I got this link a few days ago, but I’m lazy and had my actual day job to attend to …
A small Pike County church has voted not to accept interracial couples as members or let them take part in some worship activities. The decision has caused sharp reaction and disapproval in the Eastern Kentucky county.
[…] Stella Harville, who is pursuing a master’s degree in optical engineering at a school in Indiana, brought her fiancé, Ticha Chikuni [a native of Zimbabwe], to church in June and played the piano as he sang.
Dean Harville said Melvin Thompson, who had been pastor for many years, told him in August that his daughter and her fiancé couldn’t sing at the church again.
In early November, Thompson proposed the church go on record saying that while all people were welcome to attend public worship services there, the church did not condone interracial marriage, according to a copy of the recommendation supplied by the Harvilles.
The proposal also said “parties of such marriages will not be received as members, nor will they be used in worship services” or other church functions, with the exception of funerals.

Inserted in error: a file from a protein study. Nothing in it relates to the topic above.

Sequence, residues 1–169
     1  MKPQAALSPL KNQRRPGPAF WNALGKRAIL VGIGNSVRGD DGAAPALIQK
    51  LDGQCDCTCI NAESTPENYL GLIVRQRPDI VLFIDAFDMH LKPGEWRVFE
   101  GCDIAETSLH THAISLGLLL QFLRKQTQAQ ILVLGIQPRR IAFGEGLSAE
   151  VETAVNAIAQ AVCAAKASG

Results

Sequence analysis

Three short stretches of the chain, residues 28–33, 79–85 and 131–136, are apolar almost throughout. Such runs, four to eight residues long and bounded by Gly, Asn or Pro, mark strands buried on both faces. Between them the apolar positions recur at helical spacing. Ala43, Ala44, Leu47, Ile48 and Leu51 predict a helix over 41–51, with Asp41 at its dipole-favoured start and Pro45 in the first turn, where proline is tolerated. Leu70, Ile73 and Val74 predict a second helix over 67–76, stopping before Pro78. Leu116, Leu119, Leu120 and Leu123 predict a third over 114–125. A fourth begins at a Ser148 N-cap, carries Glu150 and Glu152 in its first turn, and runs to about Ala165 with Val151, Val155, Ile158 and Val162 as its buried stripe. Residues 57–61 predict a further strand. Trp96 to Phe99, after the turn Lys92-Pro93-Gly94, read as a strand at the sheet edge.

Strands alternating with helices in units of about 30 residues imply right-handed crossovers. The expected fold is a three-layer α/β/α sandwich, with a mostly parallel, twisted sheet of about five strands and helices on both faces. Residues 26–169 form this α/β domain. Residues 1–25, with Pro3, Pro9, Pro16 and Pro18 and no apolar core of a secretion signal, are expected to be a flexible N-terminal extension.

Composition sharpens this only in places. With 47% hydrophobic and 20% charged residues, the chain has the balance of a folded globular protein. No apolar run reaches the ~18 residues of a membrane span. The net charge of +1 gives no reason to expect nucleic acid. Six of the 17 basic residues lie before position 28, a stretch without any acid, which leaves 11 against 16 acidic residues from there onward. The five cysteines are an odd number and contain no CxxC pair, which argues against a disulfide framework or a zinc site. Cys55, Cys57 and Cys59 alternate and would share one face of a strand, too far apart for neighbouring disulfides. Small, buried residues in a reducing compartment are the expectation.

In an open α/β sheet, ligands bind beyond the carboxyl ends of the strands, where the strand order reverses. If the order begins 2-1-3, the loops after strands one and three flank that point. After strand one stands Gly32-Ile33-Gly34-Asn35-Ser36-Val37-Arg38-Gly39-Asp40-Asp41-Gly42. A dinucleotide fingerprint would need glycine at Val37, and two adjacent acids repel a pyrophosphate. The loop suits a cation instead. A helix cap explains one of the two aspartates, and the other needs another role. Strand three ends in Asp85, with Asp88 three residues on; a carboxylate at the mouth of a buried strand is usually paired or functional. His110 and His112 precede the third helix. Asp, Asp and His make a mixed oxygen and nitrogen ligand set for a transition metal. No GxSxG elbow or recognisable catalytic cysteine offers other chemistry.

The recommendation “is not intended to judge the salvation of anyone, but is intended to promote greater unity among the church body and the community we serve,” the copy supplied to the Herald-Leader read.
Wow, this from a church in the Bible Belt. Nothing promotes unity among members of a community like excluding those who marry outside of their race. Not only is this pandering to the racism that is so ingrained in that part of the country, but it is a perfect example of the kind of attitude that is given a pass as soon as it’s identified as part of someone’s religious doctrine.
“We don’t like gays!”
“Women are inferior to men!”
“We are afraid of science!”
“We don’t like people who look different!”
All backwards. All ignorant. All based on a combination of fear and a sense of superiority.
Now to their credit – and in the interest of fairness – the community of Pike County has responded unfavorably to the church on this issue, so much so that a revote is very likely. So obviously we’ve made some significant progress since the middle of last century. It’s my hope that a strong community response to the use of religion to promote bigotry, sexism, racism, and outright ignorance will stay strong so that we can keep moving forward as a modern society.